The Arbitral Tribunal in The Hague, dealing with the Bay of Bengal Maritime boundary Arbitration between Bangladesh and India, sustained Bangladesh’s claims of equitable solution to a full 200 nautical mile (NM) exclusive economic zone in the Bay of Bengal and to a substantial share of the extended continental shelf beyond 200 NM. The five member tribunal agreed with Bangladesh that the “equidistance” method proposed for dividing the disputed waters between the two neighboring States was not equitable to Bangladesh.
Importance of the Bay of Bengal and the resources lying therein was first realized by the Father of the Nation Bangabandhu Sheikh Mujibur Rahman, soon after the independence of Bangladesh. Accordingly, to establish legal entitlements of the people of Bangladesh to the apportionment of maritime areas and exploitation of marine resources therein, in 1974, under the guidance of Bangabandhu, the Bangladesh Parliament passed the “Territorial Waters and Maritime Zones Act-1974” which was the first maritime legislation enacted by any country in the region. Bangladesh declared 12 NM of territorial sea and 200 NM Economic Zone well before such concept was even developed widely in the international arena. Bangabandhu also initiated maritime boundary negotiations with India and Myanmar and even settled the 12 NM territorial sea boundary with Myanmar in Nov 1974.
After the brutal assassination of Bangabandhu and most of his family members on the black night of 15 August 1975, the importance of the sea resources for Bangladesh have not been evaluated appropriately. The post –75 Governments paid the least, if not, no attention to the importance of sea and its much valued resources for the economic development of the country. While the Government of Bangladesh signed the UN Convention on the Law of the Sea (UNCLOS),it remained unratified since its adoption in 1982. Again, it is the Government of Prime Minister Sheikh Hasina (1996-2001) that ratified the UNCLOS in the last cabinet meeting (9 July 2001) of her government and thus Bangladesh became full member of the convention in July 2001.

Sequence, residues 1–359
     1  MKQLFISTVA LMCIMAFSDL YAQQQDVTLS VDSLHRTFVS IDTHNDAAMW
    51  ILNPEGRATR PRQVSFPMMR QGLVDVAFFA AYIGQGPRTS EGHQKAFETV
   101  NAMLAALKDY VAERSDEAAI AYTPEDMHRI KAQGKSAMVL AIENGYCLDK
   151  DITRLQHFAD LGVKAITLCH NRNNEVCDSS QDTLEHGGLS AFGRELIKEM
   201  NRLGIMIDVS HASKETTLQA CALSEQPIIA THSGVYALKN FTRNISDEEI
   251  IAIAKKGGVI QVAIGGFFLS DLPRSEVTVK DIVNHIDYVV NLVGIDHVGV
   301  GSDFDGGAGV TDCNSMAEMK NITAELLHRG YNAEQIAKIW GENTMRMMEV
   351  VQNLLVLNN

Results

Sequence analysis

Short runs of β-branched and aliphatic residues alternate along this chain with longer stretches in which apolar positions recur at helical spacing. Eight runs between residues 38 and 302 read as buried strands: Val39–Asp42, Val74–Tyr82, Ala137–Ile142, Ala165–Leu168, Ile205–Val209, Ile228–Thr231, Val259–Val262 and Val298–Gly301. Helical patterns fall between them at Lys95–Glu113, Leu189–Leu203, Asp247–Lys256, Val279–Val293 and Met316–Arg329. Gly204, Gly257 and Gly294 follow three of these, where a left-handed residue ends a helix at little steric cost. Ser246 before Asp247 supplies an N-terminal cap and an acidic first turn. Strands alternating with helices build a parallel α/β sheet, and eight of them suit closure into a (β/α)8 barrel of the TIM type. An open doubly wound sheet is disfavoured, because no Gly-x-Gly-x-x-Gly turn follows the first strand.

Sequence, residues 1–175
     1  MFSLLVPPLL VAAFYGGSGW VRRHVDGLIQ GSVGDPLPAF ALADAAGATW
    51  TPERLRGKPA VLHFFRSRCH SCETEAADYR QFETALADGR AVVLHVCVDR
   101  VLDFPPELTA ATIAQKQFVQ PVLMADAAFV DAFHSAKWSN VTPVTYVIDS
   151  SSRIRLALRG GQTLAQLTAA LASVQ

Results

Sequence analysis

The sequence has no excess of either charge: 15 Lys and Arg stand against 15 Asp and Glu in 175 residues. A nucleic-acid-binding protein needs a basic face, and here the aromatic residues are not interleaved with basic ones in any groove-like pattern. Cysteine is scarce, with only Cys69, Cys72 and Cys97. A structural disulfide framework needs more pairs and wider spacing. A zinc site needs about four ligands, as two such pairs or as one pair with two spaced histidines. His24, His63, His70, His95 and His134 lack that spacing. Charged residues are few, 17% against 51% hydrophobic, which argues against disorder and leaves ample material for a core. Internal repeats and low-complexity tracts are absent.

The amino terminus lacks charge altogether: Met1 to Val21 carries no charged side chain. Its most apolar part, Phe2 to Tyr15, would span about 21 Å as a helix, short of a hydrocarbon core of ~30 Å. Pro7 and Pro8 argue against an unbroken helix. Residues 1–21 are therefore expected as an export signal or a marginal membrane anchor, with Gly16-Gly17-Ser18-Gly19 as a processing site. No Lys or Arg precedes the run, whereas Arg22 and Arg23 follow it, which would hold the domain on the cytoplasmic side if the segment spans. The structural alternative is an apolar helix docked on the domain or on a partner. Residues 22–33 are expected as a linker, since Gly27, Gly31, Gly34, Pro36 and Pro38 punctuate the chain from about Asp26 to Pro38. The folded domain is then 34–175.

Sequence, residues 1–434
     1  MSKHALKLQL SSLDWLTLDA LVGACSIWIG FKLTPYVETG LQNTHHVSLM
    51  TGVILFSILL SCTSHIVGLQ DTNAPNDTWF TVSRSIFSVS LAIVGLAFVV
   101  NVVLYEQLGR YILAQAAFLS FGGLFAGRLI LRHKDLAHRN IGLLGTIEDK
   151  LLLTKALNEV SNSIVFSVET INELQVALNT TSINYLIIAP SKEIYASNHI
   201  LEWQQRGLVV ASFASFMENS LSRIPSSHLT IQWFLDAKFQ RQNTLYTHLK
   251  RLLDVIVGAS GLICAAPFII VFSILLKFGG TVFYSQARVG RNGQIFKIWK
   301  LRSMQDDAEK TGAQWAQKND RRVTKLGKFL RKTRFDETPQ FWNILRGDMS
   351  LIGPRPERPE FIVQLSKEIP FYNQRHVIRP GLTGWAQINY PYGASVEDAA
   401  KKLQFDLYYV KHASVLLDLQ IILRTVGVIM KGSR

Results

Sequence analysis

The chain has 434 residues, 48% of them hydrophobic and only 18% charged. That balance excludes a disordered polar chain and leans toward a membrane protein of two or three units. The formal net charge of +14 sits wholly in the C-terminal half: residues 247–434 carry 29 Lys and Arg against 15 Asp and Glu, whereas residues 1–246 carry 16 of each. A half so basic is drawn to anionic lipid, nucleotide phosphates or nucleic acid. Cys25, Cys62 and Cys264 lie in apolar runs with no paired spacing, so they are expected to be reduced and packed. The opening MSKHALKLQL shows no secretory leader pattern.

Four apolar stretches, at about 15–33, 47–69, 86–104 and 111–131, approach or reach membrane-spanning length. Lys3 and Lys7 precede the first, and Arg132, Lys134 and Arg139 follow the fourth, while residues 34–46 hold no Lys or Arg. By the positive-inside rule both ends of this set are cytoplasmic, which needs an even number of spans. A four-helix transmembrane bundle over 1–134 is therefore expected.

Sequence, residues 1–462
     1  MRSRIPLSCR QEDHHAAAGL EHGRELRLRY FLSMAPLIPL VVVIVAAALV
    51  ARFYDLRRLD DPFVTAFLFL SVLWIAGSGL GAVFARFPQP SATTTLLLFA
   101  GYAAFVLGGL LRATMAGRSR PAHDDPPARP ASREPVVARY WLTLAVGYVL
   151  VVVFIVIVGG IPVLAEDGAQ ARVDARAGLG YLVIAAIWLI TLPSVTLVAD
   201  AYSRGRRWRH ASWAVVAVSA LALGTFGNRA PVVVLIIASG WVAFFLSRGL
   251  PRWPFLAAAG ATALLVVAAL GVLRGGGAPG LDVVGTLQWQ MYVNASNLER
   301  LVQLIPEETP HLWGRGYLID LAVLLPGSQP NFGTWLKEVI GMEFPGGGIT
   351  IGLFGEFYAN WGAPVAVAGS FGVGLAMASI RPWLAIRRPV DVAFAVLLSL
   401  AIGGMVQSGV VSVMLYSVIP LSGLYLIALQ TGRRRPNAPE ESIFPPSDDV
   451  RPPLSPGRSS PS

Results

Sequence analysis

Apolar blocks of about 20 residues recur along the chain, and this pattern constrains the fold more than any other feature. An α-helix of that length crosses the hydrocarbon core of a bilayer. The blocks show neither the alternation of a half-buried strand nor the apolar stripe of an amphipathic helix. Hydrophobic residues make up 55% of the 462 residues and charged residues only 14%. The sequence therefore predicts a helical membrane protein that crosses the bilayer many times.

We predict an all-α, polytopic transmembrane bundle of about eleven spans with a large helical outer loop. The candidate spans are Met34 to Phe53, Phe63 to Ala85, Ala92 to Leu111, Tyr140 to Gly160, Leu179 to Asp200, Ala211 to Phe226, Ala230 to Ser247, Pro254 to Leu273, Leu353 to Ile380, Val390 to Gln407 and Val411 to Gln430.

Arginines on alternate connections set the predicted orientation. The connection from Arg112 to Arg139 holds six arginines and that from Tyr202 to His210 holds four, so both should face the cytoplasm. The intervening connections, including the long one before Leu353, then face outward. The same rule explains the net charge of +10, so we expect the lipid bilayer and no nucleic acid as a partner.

After ratification of the UNCLOS in 2001, Bangladesh needed to submit scientific and technical data (seismic and bathymetric) to United Nations Commission on the Limits of the Continental Shelf (CLCS) within 10 years i.e. July 2011 for establishment of its extended continental shelf in the Bay of Bengal beyond 200 NM.
Again, Bangabandhu’s daughter, Prime Minister Sheikh Hasina after taking over the responsibilities of the government in 2009, conducted the first ever dedicated seismic survey of the Bay of Bengal in March 2010 in the history of Bangladesh. Thus, after completing the most crucial task of the collection of geophysical and bathymetric data of the seabed, Bangladesh finally submitted its claim on the extended continental shelf to the UN with all supporting data on 25 February 2011, five months prior to the deadline.
With this submission, the Government of Prime Minister Sheikh Hasina not only fulfilled one of its declared roles of protecting the sovereign rights following international rules and regulations but also opened up new opportunities of protection, preservation and utilization of economic resources of the Bay of Bengal both within and beyond 200 NM.
Further, during her second term as Prime Minister (2009-2013), Hon’ble Prime Minister Sheikh Hasina considering the issue of maritime affairs of the country to be of crucial importance, accorded the highest priority to it and took substantive, practical and time- bound initiatives to resolve maritime boundary disputes with the neighboring coastal states through negotiations. The unresolved maritime boundary continued to create severe obstacles to exploration and exploitation of natural resources, affected deep sea fishing and the Bangladesh Navy and the Coast Guard experienced severe problems in exercising sovereign rights in the maritime areas claimed by Bangladesh and in safeguarding our resources like fishes from being plundered by others due to absence of maritime boundary.